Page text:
The uncles were treated to a gory sight as they arrived; their nephew was slashing at his wife with a knife, and blood was flying everywhere. His wife fell to the floor, apparently dead. "What on earth are you doing?" they asked, "Are you mad?" "No," replied the nephew, "I regularly teach my wife a lesson by killing her when she bugs me." Incredulously, the uncles demanded, "What do you mean? How can you kill a person many times?" "Well," said the nephew, "This knife has magical properties. After I kill her with it, I use it to bring her to life again." He matched his words with action by pointing the knife to his wife and she rose up, as though from the dead.
Now the uncles’ greed knew no bounds. They must have this wonderful knife at all costs. Forgotten were the fake gold coins. Eventually, the nephew grudgingly decided to part with the knife, selling it to the uncles for 700 gold coins. They each chipped in, and agreed to use the knife by turns, to teach their wives a lesson. Eagerly they rushed home, each swiftly slaying his wife before they tried to raise them to life again. No luck! The wives stayed dead.
Seven infuriated uncles stormed to their nephew’s house and bundled him into a sack. They hauled him away, taking him to drown at a well outside town. On the way they took a rest. Tying the sack to a tree, they walked to a nearby inn, asking directions to the well. Back at the tree, the nephew yelled for help. A passing cowherd, taking his 50 cattle to pasture, heard the cries and stopped to untie the sack. "What are you doing in this sack?" he asked the nephew in astonishment. "Oh, how unfortunate am I!" wailed the nephew, "My uncles want me to marry the most beautiful girl in the next town, the daughter of the rich mayor. I don’t want to marry her and they are taking me by force to marry me off!" The cowherd exclaimed, "Why don’t you want to marry her?" "Well," said the nephew, "What would happen to me, married to the most beautiful girl? All through our marriage I would have to endure other men desiring my wife." "Well," laughed the cowherd, "if that’s all it is, I don’t mind swapping places with you!"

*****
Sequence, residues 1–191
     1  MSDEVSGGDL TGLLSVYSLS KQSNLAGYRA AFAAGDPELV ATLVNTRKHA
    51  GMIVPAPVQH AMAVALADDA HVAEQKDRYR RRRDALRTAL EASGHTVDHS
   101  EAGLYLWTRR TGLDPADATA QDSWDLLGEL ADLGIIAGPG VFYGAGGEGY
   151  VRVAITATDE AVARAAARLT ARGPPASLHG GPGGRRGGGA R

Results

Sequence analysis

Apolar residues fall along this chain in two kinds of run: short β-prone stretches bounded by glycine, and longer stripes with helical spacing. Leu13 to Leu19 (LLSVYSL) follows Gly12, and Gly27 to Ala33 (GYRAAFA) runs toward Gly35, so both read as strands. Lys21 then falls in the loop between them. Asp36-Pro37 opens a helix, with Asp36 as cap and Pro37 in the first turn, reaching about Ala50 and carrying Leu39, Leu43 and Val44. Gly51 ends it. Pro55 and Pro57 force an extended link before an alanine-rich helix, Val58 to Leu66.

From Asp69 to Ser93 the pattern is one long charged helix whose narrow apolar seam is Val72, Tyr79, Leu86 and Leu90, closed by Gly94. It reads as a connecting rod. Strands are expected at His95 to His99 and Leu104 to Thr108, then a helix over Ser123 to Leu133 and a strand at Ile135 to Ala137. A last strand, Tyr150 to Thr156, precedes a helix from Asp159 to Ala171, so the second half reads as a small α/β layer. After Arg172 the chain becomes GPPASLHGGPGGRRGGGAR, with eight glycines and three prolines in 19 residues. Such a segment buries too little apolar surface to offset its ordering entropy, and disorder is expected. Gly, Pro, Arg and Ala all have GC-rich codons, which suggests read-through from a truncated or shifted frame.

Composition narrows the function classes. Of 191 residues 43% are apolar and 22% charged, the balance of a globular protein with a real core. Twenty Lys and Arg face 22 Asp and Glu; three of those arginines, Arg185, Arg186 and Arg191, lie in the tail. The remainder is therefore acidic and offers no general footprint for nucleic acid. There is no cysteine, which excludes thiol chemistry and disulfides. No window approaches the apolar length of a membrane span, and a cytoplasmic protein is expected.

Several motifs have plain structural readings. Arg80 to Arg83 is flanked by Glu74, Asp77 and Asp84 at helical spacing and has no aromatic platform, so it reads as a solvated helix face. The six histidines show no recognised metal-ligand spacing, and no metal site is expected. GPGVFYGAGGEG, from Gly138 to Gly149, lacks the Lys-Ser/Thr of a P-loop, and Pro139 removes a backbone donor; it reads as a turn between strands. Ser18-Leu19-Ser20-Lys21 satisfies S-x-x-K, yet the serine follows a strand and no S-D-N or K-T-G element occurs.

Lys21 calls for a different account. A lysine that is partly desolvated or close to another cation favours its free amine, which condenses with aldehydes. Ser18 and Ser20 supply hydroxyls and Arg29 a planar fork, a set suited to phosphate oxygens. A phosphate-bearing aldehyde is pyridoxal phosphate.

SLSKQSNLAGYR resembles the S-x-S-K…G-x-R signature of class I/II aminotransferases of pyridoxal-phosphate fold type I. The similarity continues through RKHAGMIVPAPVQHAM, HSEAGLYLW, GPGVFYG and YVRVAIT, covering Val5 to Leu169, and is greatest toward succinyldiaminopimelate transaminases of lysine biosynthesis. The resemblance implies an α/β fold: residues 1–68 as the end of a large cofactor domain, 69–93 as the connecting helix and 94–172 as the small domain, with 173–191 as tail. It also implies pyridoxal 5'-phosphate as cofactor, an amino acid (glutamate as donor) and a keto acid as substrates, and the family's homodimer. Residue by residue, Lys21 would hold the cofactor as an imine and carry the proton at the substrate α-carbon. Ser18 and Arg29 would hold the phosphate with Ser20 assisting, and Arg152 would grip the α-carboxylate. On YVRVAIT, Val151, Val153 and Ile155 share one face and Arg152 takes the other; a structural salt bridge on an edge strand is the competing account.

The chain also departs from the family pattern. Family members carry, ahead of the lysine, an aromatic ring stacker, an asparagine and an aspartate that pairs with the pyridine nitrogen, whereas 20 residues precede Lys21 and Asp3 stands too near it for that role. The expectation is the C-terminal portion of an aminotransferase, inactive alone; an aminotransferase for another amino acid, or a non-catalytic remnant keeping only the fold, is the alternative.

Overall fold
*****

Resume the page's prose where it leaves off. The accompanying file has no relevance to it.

No sooner said than done. The cowherd stepped into the sack which the nephew tied up. He departed for home, richer by 50 cattle. The uncles took the sack to the well and dropped it in, drowning the poor cowherd. On the path back home, a little remorse struck them for their nephew’s poor wife. "We must see her right," they agreed. Turning their steps to her house, they came in to see a sight that knocked them down; their nephew was there, alive and surrounded by many cattle! Speechless, they stared, all reason fleeing their minds.
"Hello there, Uncles!" greeted their nephew cheerily. "What do you know; the well wasn’t deep and I saw a tunnel branching off from the inside wall. I followed it and, strike me down, I saw lush fields with herds of cattle. I took a few and returned home." Greed again blinded the seven uncles to reason and they rushed eagerly to the well to get their hands on a handsome treasure. One by one they jumped into the well, each meeting his end.
Moral: This is the parable of the greed for this worldly wealth. When acquiring the treasures of this world overrides our devotion to Allah, it blinds us, snatching away our reason. We forget death that must come to all, and the next life which is an everlasting journey. When we ultimately meet that end, of a sudden, we are helpless to make amends and are destroyed.
The intelligent person is one who lives in this world, yet remembers the coming journey after death and makes preparation for it.